09 December 2016

Uncertainty has been the watchword for 2016.

The Brexit decision and American election result have loomed large this year and those looking for respite in 2017 may be hard pressed to find it.

The UK government’s plan to trigger Article 50 by March and the prospect of elections in Germany and France means we must continue to expect the unexpected. Meanwhile, our financial markets and political systems are playing catch-up, adjusting to new realities that seem to be unfolding at rapid pace.

If evidence were needed as to the speed of change, remember that this was the year that saw David Cameron resign, just over a year after securing a Conservative majority that confounded the pollsters, wounded by a wave of anti-establishment populism that would see Donald Trump become US president elect and in recent days the resignation of Italian prime minister Matteo Renzi.

At the start of the year, with memories of the dark days of recession starting to fade a little, it had been hoped that 2016 would be the year that would see sustained growth. While that optimism may have faded a little, the sector has, on the whole, proved remarkably resilient with a dip in output evident but no sign of a full-scale recession. The industry is watching and waiting to see if our Brexit is hard, soft, red, white and blue or something not yet imagined.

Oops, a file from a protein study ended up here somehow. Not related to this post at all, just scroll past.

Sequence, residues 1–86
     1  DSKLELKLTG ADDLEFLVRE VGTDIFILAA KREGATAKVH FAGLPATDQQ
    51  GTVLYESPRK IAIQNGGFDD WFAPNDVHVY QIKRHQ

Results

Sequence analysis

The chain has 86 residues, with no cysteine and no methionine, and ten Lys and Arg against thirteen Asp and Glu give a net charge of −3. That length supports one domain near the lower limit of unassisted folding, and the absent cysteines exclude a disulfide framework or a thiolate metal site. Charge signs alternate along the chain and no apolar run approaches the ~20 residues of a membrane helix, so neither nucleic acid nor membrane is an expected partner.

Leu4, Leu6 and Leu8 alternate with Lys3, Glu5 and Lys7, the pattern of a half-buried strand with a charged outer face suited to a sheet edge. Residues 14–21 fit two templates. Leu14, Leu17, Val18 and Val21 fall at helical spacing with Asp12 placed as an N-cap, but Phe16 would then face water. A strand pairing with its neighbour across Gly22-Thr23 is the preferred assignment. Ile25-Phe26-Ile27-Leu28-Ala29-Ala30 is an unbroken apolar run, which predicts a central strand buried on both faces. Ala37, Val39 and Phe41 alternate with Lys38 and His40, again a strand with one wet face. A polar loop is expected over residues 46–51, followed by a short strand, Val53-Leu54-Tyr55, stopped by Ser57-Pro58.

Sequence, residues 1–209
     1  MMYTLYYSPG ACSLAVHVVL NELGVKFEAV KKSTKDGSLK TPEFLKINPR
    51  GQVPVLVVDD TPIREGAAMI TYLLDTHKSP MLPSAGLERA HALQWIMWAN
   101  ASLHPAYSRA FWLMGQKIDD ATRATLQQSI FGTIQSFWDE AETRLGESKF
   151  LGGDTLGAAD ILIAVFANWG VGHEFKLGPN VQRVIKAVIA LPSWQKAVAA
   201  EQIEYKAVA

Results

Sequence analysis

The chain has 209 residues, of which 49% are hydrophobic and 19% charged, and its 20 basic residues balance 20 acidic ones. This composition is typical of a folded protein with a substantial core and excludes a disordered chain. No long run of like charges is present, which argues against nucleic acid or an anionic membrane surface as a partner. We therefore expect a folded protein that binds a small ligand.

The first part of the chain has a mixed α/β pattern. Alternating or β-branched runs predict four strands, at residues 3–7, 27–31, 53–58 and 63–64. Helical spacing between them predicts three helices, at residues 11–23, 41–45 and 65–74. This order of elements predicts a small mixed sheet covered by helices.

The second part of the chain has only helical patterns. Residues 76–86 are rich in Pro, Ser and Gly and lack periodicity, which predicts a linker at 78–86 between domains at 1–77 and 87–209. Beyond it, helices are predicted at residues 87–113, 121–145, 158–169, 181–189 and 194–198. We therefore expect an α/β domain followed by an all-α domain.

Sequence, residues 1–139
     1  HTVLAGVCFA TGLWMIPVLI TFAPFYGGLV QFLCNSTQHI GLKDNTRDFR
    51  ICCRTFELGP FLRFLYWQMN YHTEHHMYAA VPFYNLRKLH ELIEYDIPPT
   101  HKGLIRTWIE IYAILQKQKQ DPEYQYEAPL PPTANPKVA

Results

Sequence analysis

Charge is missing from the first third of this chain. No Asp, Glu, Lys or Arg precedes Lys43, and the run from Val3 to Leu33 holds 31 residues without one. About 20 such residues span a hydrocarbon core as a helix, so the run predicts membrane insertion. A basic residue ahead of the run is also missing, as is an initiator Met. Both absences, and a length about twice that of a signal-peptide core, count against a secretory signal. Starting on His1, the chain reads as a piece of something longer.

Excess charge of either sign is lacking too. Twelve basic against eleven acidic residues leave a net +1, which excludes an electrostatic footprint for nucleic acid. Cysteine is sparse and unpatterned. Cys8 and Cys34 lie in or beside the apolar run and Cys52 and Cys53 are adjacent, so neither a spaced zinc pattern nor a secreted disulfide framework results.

NBS has carried out two surveys, taking the temperature of the sector post-referendum – in Q3 and Q4 this year. Our findings serve as an important industry bellwether as those who design buildings are often good predictors of what will happen to the broader construction industry. This is because design work is the earliest work; so, if it tails off, in time, so will construction output. Current projections suggest that even though the economy is performing better than expected right now, the referendum result will be a downward pressure for at least the next two to three years.

While there is evidence of projects being paused or cancelled as investors opt for a cautious ‘wait and see’ approach there is also evidence of significant long-term investment. Indeed, only last month the Chancellor’s first and last Autumn Statement laid out new ground-rules for UK economic policy with the announcement of ‘high-value investment’ in infrastructure and housing with the aim of keeping UK construction buoyant. The publication of a new National Infrastructure and Construction Pipeline should also serve to boost productivity while a white paper looking at options for meeting the ‘urgent challenge’ of affordable homes has also been promised in 2017.

At the year end, the RIBA Future Trends survey also paints a picture of cautious optimism. Practices citing the value of work they have in progress increasing (albeit at a lower rate than in previous years), optimism from medium-sized practices and renewed confidence from larger firms when it comes to staffing and workloads.

The industry is watching and waiting to see if our Brexit is hard, soft, red, white and blue or something not yet imagined.